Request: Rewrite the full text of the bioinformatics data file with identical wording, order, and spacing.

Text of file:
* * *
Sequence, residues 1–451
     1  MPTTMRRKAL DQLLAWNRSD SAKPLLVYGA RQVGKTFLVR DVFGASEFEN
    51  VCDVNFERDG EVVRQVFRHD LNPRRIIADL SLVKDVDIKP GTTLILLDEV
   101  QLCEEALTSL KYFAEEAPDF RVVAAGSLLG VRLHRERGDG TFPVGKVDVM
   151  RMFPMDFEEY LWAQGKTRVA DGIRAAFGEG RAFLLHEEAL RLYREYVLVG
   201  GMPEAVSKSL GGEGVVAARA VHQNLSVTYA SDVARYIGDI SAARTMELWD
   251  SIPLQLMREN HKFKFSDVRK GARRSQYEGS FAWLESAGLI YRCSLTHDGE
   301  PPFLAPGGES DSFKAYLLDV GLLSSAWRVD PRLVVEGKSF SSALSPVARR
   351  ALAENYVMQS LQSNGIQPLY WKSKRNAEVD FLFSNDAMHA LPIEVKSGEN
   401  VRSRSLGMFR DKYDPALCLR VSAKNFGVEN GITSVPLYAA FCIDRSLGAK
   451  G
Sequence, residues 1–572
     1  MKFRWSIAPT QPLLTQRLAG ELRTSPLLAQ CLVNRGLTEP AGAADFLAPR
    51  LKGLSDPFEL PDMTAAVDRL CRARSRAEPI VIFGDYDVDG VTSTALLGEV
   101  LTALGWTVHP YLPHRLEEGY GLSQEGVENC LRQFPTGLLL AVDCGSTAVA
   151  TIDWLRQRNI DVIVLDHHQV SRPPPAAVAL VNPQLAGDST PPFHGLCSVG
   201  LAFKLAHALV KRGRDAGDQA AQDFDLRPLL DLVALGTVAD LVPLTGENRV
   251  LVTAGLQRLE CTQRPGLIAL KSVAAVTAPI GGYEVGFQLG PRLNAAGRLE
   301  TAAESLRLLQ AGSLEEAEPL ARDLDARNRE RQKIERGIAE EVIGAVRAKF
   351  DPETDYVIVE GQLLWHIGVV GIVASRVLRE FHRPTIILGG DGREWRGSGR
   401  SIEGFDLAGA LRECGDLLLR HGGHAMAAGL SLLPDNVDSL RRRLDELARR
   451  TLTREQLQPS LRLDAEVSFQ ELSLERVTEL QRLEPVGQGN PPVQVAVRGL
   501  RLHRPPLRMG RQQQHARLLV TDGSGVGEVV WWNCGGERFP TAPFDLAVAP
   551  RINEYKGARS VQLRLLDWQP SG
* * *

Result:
Sequence, residues 1–451
     1  MPTTMRRKAL DQLLAWNRSD SAKPLLVYGA RQVGKTFLVR DVFGASEFEN
    51  VCDVNFERDG EVVRQVFRHD LNPRRIIADL SLVKDVDIKP GTTLILLDEV
   101  QLCEEALTSL KYFAEEAPDF RVVAAGSLLG VRLHRERGDG TFPVGKVDVM
   151  RMFPMDFEEY LWAQGKTRVA DGIRAAFGEG RAFLLHEEAL RLYREYVLVG
   201  GMPEAVSKSL GGEGVVAARA VHQNLSVTYA SDVARYIGDI SAARTMELWD
   251  SIPLQLMREN HKFKFSDVRK GARRSQYEGS FAWLESAGLI YRCSLTHDGE
   301  PPFLAPGGES DSFKAYLLDV GLLSSAWRVD PRLVVEGKSF SSALSPVARR
   351  ALAENYVMQS LQSNGIQPLY WKSKRNAEVD FLFSNDAMHA LPIEVKSGEN
   401  VRSRSLGMFR DKYDPALCLR VSAKNFGVEN GITSVPLYAA FCIDRSLGAK
   451  G
Sequence, residues 1–572
     1  MKFRWSIAPT QPLLTQRLAG ELRTSPLLAQ CLVNRGLTEP AGAADFLAPR
    51  LKGLSDPFEL PDMTAAVDRL CRARSRAEPI VIFGDYDVDG VTSTALLGEV
   101  LTALGWTVHP YLPHRLEEGY GLSQEGVENC LRQFPTGLLL AVDCGSTAVA
   151  TIDWLRQRNI DVIVLDHHQV SRPPPAAVAL VNPQLAGDST PPFHGLCSVG
   201  LAFKLAHALV KRGRDAGDQA AQDFDLRPLL DLVALGTVAD LVPLTGENRV
   251  LVTAGLQRLE CTQRPGLIAL KSVAAVTAPI GGYEVGFQLG PRLNAAGRLE
   301  TAAESLRLLQ AGSLEEAEPL ARDLDARNRE RQKIERGIAE EVIGAVRAKF
   351  DPETDYVIVE GQLLWHIGVV GIVASRVLRE FHRPTIILGG DGREWRGSGR
   401  SIEGFDLAGA LRECGDLLLR HGGHAMAAGL SLLPDNVDSL RRRLDELARR
   451  TLTREQLQPS LRLDAEVSFQ ELSLERVTEL QRLEPVGQGN PPVQVAVRGL
   501  RLHRPPLRMG RQQQHARLLV TDGSGVGEVV WWNCGGERFP TAPFDLAVAP
   551  RINEYKGARS VQLRLLDWQP SG